WASHINGTON – Former President Ronald Reagan vetoed nearly 70 bills; George H.W. Bush used his veto power 44 times. Other presidents have exercised their authority over the legislative branch hundreds of times.
But despite a number of threats, President Bush's record on vetoes so far -- none, zip, nada.
That restraint has some analysts wondering whether the president will employ his veto power to demonstrate his strength before the next presidential election. Others say the fact that he has not vetoed any bills shows his power and deftness in working with a Republican-dominated Congress.
"The greatest power of the veto is not in its use but in its threat. [Bush] has threatened it many times, and it has modified the legislation," said Larry Sabato, director of the University of Virginia’s Center for Politics (search).
Michael Genovese, professor of political science at Loyola Marymount University in Los Angeles, said Bush has managed to avoid using the veto because "of his ability to largely dominate the congressional agenda."
The veto is "an instrument best left unused. You use it when you have not succeeded. Some people see [using] it as a sign of strength, but in strategic political terms, it’s a sign of weakness when you have to use it a lot," Genovese said.
Experts suggest that Republicans Reagan and the first President Bush used the veto with occasional frequency because they were squaring off against an opposition Congress.
For part of his term, former Democratic President Bill Clinton also faced a Congress run by the opposition party, leading him to veto such GOP legislation as the repeal of estate taxes, the so-called marriage penalty and the "partial-birth abortion" bill that looks set to become law soon under the current president.
The veto is used most often when a president has to work with a Congress that is dominated by the other party, said Heritage Foundation (search) fellow Lee Edwards, a presidential scholar.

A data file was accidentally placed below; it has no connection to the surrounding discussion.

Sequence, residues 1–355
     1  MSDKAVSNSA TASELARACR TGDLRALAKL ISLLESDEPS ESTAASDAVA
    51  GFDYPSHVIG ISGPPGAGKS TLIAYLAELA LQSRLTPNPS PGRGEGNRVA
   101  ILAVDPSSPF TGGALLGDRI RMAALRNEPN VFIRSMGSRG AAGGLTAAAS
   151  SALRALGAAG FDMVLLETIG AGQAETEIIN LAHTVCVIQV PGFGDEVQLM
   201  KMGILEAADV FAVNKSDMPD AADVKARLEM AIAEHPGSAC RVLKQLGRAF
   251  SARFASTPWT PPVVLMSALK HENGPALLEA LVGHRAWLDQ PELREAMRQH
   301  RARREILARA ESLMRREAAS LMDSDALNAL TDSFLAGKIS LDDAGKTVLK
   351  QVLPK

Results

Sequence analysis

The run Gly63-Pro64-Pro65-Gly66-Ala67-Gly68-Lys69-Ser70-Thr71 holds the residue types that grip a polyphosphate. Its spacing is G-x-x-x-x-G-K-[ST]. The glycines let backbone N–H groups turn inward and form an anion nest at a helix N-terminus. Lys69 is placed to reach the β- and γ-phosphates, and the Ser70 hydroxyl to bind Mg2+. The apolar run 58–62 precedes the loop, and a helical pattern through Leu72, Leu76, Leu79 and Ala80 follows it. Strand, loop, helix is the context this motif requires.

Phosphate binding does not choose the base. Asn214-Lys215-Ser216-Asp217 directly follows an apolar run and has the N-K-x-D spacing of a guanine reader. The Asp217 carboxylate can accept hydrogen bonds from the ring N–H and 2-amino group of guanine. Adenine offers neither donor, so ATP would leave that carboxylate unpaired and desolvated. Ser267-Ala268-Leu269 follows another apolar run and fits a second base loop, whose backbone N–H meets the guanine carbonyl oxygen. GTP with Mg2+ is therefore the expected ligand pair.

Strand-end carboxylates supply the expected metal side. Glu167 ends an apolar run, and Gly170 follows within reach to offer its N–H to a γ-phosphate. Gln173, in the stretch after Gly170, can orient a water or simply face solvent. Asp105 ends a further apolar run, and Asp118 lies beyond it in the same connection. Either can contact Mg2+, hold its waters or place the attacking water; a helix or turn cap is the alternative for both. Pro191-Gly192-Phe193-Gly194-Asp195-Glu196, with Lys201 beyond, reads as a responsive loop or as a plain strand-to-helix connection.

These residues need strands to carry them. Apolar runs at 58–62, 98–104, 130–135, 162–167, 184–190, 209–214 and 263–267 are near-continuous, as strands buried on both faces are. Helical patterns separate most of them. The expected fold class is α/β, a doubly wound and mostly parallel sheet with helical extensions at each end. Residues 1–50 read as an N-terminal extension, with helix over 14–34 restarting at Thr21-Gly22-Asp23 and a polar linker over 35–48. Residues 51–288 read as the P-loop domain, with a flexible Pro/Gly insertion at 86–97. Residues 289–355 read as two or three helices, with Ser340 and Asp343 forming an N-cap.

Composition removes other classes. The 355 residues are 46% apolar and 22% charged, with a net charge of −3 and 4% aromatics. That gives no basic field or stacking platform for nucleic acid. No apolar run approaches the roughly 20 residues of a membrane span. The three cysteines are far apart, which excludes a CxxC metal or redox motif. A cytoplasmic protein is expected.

"I think that’s why [Bush] has been sparing it," Edwards said. "At the same time, I think sometimes you have to use a veto and that sends a message to both your own party and the opposition party."
Experts are wondering which legislation Bush would veto. The White House has said the president is inclined to veto a bill that would overturn new media ownership rules recently promulgated by the Federal Communications Commission (search).
Among other legislation, threats have circulated around the "Buy American" provision of the Defense appropriations bill, as well as a measure that would block the White House from changing the rules on overtime pay that now protect middle-income workers seeking to collect time-and-a half pay.
This month, both chambers ignored veto threats. The House and Senate have both passed legislation blocking changes to the current overtime pay laws. The House also passed an amendment to the Transportation and Treasury Departments' funding bill that would ease travel restrictions to Cuba.
American Enterprise Institute research associate John Fortier noted that with the president’s popularity sliding and Congress defying him, he is more likely to veto legislation.
"As he’s weaker, I think he’s going to have to rely more on the veto," Fortier said.
Bush’s poll numbers have slipped, with his approval rating dropping to 53 percent, according to a recent Fox News/Opinion Dynamics poll. In an August poll done by Fox News/Opinion Dynamics, Bush's approval rating was at 61 percent. Earlier polls showed even more support for the president.
For this reason and because the presidential election is approaching, Democrats are likely to push the administration harder on certain bills. Some centrist Republicans on Capitol Hill are also less likely to follow Bush’s lead and more likely to test him because of his lower popularity, say the experts.
"I think there’s always a danger of using a threat and then not carrying it out, so maybe there needs to be a little lowering of the rhetoric there," Edwards said, adding the caveat that he "wouldn't be surprised" to see a veto on the horizon.
Bush "will certainly veto legislation if it does not meet his standards and priorities as he has indicated he would," White House spokeswoman Claire Buchan said.
If Bush should use this power, he would not be breaking with tradition considering the records of his predecessors.
However, because the president has been so successful in his dealings with Congress, "it probably will show a little slippage," Fortier said.
Fortier said the president would not face any political embarrassment with the use of his veto unless he is overridden by his own party, a scenario Fortier described as unlikely. To override a presidential veto, the House and Senate must each come up with two-thirds majorities.